I received an email a while back from a missionary to a rather dangerous South American nation sharing with me how he has become estranged from his parents because of his vocation. Missions was not the dream they had for him, and at first they assumed it was a bit of a lark. Now that he has been entrenched in and committed to the field, they have cut off communication with him, so great is their disappointment and discouragement. They think he is crazy to take his wife and children someplace not safe, and the cause of the gospel is not great enough in their minds to justify the risk.
I was reminded of this message this past week when I received a reply from a missionary to the Middle East we support to an email I had sent. My message had been flagged, she said, and she asked that I be very careful when messaging her not to use the "m" word (mission/ary) for her safety. What a startling reminder again about how cheap Christian missionaries consider their lives in light of how precious they view Christ and his gospel.
Last night I had the great privilege of preaching the commencement sermon at a Christian school graduation here in Vermont, and one thing I always try to do when speaking to young adults in New England is encourage them to listen to whether God is calling them to ministry. New England needs its young generation of Christians to get passionate about indigenous church planting and missional ministry. And then I turned my attention to the 300-some parents and grandparents and friends present and challenged them not to become disappointed if their young people spurn the appeal of earthly success, count the cost, and become missionaries, abroad or home. I begged them not to settle for the American Dream as their hope for their children, but to be encouraged, encouraging, and joyful if their child should give up a great career and hopes of wealth and comfort to reach the lost.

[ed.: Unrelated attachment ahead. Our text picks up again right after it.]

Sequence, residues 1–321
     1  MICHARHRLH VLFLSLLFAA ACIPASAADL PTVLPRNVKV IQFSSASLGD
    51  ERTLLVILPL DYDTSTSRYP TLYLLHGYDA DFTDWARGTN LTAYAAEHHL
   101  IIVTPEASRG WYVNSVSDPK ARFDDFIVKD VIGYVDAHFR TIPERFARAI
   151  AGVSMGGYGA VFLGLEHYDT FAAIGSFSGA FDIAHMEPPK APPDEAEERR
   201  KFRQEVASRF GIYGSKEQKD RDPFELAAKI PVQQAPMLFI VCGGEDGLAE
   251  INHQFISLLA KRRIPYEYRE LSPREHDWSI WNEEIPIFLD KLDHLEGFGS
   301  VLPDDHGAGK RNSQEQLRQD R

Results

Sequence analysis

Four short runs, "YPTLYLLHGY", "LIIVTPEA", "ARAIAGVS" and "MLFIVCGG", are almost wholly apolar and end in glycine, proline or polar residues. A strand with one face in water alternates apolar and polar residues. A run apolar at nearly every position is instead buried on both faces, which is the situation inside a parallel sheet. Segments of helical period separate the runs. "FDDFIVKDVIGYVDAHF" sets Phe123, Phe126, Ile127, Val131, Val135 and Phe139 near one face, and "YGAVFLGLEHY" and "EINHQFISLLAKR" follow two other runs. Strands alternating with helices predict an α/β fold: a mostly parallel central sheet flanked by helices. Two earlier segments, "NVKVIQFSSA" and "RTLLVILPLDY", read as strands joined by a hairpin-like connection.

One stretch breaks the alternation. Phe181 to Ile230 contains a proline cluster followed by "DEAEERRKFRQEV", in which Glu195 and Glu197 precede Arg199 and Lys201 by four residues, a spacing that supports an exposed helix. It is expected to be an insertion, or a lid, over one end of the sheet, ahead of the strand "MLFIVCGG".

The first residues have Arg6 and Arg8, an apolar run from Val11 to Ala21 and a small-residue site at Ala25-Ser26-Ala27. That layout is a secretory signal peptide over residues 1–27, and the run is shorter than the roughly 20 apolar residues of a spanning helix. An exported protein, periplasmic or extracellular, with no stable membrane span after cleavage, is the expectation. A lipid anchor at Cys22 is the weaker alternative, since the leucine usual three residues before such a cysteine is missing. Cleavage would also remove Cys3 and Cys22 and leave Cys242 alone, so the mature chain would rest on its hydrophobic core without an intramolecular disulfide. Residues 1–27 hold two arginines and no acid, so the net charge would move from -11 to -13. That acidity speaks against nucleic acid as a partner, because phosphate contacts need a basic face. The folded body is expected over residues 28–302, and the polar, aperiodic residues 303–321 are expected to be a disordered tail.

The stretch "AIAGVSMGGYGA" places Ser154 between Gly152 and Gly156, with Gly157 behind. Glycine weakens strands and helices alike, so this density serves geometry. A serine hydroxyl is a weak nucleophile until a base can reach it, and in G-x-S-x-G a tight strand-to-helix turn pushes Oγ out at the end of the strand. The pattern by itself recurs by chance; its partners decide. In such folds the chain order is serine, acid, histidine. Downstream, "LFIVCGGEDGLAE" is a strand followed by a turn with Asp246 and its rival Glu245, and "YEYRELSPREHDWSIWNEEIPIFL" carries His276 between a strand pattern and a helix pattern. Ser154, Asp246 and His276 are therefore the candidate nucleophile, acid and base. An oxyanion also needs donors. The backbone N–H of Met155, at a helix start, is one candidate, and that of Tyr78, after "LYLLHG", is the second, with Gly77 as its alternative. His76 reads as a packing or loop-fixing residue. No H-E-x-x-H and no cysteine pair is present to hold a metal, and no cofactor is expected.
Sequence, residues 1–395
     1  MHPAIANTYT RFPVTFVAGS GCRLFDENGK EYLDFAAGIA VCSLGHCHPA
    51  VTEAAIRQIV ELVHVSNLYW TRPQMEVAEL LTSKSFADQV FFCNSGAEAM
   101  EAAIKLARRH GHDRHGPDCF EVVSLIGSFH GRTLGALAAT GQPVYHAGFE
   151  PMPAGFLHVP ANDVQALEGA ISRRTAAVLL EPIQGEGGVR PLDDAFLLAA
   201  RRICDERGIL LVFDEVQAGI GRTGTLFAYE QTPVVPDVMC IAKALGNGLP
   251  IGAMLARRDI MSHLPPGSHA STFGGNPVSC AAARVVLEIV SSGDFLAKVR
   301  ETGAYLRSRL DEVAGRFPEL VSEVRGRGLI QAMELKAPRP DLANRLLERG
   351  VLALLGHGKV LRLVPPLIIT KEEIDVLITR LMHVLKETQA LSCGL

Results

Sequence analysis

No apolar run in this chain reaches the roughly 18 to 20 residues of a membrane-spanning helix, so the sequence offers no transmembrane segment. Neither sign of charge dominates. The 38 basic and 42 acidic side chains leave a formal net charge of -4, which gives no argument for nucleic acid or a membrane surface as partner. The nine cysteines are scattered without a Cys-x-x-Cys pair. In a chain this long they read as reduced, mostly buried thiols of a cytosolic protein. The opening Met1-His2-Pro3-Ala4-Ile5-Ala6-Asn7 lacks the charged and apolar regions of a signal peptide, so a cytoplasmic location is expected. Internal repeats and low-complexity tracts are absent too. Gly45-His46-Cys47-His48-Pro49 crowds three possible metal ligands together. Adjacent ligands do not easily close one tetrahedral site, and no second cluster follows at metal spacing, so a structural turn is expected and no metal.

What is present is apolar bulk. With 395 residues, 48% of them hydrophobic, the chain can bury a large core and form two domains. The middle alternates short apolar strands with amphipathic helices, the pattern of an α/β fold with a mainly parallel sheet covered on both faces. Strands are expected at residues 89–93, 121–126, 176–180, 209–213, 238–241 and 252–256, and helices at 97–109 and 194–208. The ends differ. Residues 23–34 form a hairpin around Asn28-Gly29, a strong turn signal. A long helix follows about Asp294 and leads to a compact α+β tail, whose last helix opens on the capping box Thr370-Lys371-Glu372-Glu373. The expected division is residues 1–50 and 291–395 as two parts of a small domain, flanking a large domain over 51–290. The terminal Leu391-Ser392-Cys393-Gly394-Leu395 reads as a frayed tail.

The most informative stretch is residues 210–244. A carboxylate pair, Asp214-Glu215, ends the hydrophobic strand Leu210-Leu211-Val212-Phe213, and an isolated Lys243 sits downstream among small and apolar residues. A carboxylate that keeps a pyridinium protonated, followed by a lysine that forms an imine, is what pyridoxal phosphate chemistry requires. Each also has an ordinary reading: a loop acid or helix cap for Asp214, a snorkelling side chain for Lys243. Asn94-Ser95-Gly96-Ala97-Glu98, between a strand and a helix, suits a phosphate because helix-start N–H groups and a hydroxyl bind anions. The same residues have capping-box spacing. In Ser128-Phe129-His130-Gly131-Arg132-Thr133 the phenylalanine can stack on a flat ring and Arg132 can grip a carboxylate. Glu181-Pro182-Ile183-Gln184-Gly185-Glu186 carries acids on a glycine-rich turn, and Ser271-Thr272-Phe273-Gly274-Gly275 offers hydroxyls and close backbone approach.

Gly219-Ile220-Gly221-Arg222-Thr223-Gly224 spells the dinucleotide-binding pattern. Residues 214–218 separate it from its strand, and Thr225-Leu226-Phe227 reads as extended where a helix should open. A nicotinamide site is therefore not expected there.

Afterwards a pastor local to the area said he was in New York for a pastors' conference recently and one of the other pastors said to him: "You're from Vermont? What a dark, dark place. Why would anyone ever want to live there?"
My new pastor friend said he replied, "Because it's a dark, dark place."
When our family announced we were moving to Vermont, a relative of mine emailed with some negative stats about the state: how liberal it was, least religious state in the nation, the whole gay marriage thing, etc. And then he sarcastically quipped, "Yeah, sounds like a great place to live."
I wonder if we had announced we were going to Africa or Afghanistan if he would have been so dismissive. He might have been concerned that Africa isn't a safe place to live, but I doubt he would have been derisive.
How easy it is for American evangelicals to think missions is for overseas and as long as we're stateside, we might as well enjoy as much safety and comfort as we can. This results in the insular nature of the church in spiritually parched areas of our own nation. But it is distinctively unChristian for Christians to only want to be around other Christians.
Francis Chan talks about how lots of people in his area (Simi Valley in California) want to go to Asia, but nobody wants to go to South Central Los Angeles.
Where my relative sees the negatives of Vermont, missionaries see the need.
Where others avoid the darkness, missionaries seek to bring the Light.
Take heart, missionaries. God delights in and over you. You are precious to him, because where the disobedient look at the landscape and say "no," you see it through the eyes of the glory of God and say "yes." I am grateful for you.